President Higgins signs Mother and Baby Homes Bill into law despite public outcry

President Higgins signs Mother and Baby Homes Bill into law despite public outcry

PRESIDENT MICHAEL D Higgins has signed the new Mother and Baby Homes Bill into law despite public outcry over the controversial legislation.

Opponent of the bill have expressed concern that the transfer of data from the Mother and Baby Homes Commission of Investigation over to the new Tusla system will leave survivors unable to access crucial information.

A petition calling on the new bill to be repealed has already attracted nearly 160,000 signatures online.

It comes despite Tanaiste Leo Varadkar insisting people have "wrong message" about the change, explaining "the archive is not going to be sealed and put away and hidden for 30 years".

President Higgins has now signed off on the legislation, following “careful consideration”.

According to a statement from the Irish President, he "considered all the options available to him" before making the decision and followed the Bill's journey through the houses of the Oireachtas and listened to debates.

While he acknowledged that the issues raised by critics of the bill were "serious and must be addressed" he felt the legislation did not raise any constitutional issue that would make it suitable for referral to the Supreme Court.

President Higgins added that his signing of the document also leaves it open to be challenged by any citizen in the future.

The site of the mass grave in Tuam, Co Galway. (Source:

The presidential statement read:

"President Michael D. Higgins, having given careful consideration to all constitutional and other aspects of the ‘Commission of Investigation (Mother and Baby Homes and certain related Matters) Records, and another Matter, Bill 2020’, and having considered all the options available to him, today signed the Bill, one of four Bills submitted to the President late last week.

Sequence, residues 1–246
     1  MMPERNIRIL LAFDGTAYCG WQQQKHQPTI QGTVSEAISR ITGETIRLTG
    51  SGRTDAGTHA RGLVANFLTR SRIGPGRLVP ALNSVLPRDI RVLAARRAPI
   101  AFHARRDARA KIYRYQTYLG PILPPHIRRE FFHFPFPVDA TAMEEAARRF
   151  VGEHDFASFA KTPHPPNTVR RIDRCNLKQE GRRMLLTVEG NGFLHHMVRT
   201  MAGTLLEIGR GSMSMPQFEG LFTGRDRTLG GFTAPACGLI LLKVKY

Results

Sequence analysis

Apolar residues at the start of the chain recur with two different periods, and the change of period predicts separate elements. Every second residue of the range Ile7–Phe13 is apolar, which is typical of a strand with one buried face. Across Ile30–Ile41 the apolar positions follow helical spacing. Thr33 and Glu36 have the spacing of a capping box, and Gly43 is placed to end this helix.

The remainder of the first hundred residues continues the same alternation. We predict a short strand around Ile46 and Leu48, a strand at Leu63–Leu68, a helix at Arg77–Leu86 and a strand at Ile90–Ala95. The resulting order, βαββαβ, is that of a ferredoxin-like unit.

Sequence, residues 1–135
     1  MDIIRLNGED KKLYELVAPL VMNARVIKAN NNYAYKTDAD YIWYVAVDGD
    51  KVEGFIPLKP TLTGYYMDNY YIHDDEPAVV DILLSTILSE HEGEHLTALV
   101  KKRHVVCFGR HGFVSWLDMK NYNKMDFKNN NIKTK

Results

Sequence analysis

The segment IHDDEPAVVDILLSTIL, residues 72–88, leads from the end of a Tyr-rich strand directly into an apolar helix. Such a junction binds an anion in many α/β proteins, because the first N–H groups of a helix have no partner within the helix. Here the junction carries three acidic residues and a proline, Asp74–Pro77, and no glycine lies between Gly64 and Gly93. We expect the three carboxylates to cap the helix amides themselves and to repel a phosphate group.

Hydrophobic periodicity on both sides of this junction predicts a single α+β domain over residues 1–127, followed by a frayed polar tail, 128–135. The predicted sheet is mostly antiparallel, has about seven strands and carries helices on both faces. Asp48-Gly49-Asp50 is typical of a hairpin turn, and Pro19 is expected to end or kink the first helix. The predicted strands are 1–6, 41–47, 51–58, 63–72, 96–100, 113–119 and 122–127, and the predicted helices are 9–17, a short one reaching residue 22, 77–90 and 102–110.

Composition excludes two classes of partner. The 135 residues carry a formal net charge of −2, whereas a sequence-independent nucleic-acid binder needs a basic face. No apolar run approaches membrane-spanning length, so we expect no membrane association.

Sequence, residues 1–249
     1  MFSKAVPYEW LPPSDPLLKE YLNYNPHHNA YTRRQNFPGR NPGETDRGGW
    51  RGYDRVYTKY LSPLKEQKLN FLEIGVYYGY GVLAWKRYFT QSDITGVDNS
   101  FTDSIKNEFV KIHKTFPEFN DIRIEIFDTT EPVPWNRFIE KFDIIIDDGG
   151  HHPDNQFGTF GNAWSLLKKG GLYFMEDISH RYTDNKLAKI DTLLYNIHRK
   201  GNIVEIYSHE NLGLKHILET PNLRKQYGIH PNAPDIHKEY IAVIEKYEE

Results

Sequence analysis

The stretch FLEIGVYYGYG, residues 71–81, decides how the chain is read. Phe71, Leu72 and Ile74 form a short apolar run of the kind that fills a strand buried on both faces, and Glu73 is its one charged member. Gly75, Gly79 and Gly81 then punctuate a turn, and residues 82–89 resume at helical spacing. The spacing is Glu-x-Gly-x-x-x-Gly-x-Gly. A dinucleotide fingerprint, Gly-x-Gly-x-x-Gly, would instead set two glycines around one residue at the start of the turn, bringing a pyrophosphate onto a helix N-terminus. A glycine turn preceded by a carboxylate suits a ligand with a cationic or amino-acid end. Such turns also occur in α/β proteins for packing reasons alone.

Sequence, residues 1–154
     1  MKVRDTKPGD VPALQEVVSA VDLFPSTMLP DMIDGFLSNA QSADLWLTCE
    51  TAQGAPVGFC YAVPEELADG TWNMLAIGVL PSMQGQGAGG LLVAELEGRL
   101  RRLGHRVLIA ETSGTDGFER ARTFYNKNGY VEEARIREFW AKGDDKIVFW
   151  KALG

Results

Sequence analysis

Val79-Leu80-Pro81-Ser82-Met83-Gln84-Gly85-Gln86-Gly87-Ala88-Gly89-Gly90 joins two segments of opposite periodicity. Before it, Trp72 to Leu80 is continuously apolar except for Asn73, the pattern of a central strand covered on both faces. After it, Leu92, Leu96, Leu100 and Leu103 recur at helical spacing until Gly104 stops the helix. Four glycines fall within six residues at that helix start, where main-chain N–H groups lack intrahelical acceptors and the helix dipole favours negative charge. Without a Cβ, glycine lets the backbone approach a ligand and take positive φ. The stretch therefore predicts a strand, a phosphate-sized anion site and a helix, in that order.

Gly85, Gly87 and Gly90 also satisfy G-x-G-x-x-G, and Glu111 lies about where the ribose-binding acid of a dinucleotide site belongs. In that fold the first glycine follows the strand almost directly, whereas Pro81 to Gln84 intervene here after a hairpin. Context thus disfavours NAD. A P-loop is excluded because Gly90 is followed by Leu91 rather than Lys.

"The President has followed the passage of this Bill through both Houses of the Oireachtas, and has listened carefully to the debate and the issues raised as to the rights of access to information submitted to a Commission.

"While noting that important concerns were raised in the discussion on this Bill which are serious and must be addressed, the Bill itself did not directly raise a constitutional issue suitable for an Art 26.1.1 referral.

"When considering any piece of legislation, the President must also be cognisant of Art. 34.3 of Bunreacht na hEireann, which provides that no Court can question the validity of any legislation following a referral by the President to the Supreme Court. The President’s decision to sign this legislation leaves it open to any citizen to challenge the provisions of the Bill in the future."

Under article 26.1.1 of the Constitution: "The President may, after consultation with the Council of State, refer any Bill to which this Article applies to the Supreme Court for a decision on the question as to whether such Bill or any specified provision or provisions of such Bills is or are repugnant to this Constitution or to any provision thereof".